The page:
Focus on Modern Piracy: Gulf of Guinea

Ariana Keshishian
Staff Writer

With at least nine vessels attacked and 89 crew hijacked for ransom at the end of 2019, the Gulf of Guinea is now considered one of the most dangerous routes for international shipping. Insurers make ransom payments to pirates in West Africa, who kidnap sailors and charge between $30,000 to $50,000 per kidnapped crew member.

London-based maritime lawyer and piracy specialist Stephen Askins says that Nigerian pirate gangs are “…now ‘maximizing returns’ by seeking to seize larger vessels in order to abduct higher number of crew,” according to Lloyd’s List Maritime Intelligence. The Gulf accounted for more than 90% of global crew member kidnappings in 2019, with 121 crew members compared to 78 in 2018.

An AP report listed “162 incidents of piracy and armed robbery worldwide in 2019, including 130 boarded vessels, 11 vessels that were fired upon — 10 of them in the Gulf of Guinea — and 17 attempted attacks.” As of December 30, 2019, two piracy groups working in the Gulf were responsible for the recent attacks on tankers and the kidnapping of crew members.

One pirate vessel was identified as the main operational ship that is used by one pirate group that use to operate offshore. Another vessel was identified from a separate pirate group used to patrol the outskirts of Nigeria’s Economic Exclusion Zone that stretches for 240 nautical miles.

“These criminal actors are using the EEZ as a cover from Nigerian forces and the international naval forces,” said Dryad Global chief executive Phil Diacon. He continued, “We are seeing a lot of local attempts to deal with piracy. A lot of people are being vocal about it, but it’s not in a lot of people’s interest to tackle the problem.”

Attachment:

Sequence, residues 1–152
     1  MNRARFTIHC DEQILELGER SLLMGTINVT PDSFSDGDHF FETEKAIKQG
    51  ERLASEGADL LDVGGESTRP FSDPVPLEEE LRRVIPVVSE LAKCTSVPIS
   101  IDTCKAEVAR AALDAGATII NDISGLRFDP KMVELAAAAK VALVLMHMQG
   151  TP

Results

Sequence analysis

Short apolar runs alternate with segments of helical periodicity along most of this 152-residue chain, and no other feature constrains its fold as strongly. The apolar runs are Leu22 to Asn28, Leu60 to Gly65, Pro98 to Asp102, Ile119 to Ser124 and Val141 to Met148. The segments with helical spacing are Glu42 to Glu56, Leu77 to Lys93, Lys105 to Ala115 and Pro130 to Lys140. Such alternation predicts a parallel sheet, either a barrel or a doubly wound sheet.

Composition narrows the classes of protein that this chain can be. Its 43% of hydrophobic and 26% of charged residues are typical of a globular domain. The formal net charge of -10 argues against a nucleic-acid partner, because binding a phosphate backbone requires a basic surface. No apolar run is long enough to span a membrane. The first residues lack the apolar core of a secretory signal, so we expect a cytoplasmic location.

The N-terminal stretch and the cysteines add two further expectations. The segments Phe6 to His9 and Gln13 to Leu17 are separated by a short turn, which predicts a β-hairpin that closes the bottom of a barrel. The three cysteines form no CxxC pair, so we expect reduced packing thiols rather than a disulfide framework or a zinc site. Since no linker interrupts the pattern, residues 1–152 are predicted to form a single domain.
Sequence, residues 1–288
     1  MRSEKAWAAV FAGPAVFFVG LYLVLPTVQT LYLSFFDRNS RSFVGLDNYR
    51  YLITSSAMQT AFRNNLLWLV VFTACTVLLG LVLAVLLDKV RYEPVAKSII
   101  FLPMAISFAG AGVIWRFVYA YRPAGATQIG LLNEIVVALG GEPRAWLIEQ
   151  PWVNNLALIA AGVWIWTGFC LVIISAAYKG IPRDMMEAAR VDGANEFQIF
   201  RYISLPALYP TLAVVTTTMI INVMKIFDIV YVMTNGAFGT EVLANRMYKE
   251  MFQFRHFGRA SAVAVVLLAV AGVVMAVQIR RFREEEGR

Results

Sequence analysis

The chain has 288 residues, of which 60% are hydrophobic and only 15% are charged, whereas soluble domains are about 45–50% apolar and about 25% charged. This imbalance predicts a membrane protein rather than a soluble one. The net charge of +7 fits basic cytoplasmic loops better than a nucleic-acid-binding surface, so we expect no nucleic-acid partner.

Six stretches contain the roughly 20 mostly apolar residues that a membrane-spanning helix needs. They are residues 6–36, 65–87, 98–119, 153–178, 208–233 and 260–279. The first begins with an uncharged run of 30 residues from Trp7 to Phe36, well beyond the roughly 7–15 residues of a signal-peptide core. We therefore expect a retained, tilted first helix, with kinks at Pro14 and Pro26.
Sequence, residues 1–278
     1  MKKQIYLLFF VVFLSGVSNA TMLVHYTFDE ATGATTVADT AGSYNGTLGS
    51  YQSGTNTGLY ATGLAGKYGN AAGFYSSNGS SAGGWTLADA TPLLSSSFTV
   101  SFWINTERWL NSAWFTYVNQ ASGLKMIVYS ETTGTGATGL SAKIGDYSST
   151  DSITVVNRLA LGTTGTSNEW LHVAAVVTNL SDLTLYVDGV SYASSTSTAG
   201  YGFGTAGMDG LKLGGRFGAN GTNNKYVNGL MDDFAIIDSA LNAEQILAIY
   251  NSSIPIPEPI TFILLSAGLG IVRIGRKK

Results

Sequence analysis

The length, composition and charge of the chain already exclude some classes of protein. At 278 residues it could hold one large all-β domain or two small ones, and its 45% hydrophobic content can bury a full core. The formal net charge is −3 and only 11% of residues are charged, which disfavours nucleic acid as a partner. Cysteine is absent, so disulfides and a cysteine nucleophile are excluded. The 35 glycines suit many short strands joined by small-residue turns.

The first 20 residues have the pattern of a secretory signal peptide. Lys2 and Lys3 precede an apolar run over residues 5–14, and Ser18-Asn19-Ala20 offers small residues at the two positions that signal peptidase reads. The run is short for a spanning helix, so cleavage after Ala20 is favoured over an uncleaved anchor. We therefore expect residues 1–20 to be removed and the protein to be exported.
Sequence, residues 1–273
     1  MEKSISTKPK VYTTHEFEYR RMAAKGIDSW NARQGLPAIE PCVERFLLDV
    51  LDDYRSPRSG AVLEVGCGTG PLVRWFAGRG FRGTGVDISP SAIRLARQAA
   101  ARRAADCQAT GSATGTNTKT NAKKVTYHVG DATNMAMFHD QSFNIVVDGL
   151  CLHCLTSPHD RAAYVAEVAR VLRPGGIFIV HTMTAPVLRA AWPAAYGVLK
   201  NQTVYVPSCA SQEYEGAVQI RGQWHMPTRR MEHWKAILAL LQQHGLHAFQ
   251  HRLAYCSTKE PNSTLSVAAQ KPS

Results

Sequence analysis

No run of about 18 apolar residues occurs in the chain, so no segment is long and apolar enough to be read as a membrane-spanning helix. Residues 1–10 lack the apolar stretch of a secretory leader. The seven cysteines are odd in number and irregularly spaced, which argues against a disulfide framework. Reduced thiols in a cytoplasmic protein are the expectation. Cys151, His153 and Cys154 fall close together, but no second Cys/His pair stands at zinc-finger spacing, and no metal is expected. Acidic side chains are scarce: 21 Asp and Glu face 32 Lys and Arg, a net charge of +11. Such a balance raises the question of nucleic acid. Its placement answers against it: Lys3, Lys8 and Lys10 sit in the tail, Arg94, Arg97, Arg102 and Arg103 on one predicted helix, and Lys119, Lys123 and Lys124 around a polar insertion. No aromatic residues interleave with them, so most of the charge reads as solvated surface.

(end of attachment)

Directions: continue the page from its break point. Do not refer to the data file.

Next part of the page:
With pirates operating on the margins of the zone, they take advantage of the ineffective co-ordination between Nigerian patrols and confusion on who has jurisdiction. The mothership has not been operating with its automatic identification satellite which was purposefully done to mask its location during attacks. Another ship, a tanker Adeline Jumbo, has also been closely observed.

Many security analysts believed that pirates in the Gulf of Guinea are using mother ship vessels to aid their operations deep offshore, reports Hellenic Shipping News. “Where acts of piracy are committed by criminal organizations in cooperation with some state actors, [piracy] becomes difficult to eradicate.”

In spite of this, West Africa has made significant progress in fighting piracy. The 2013 Yaoundé Code of Conduct aims at improving maritime security in West and Central Africa and addresses many maritime security issues, according to The Conservation. However, because labor and financial resources are scarce and maritime security is not as highly regarded as other land-based security challenges, insecurity at sea is less of a priority.

Still, by hurting activities related to the maritime environment, piracy impacts economic stability in a big way. To combat such insecurity, maritime businesses must factor in security-related expenditures to maximize the potential of the maritime environment and foster economic growth and development.

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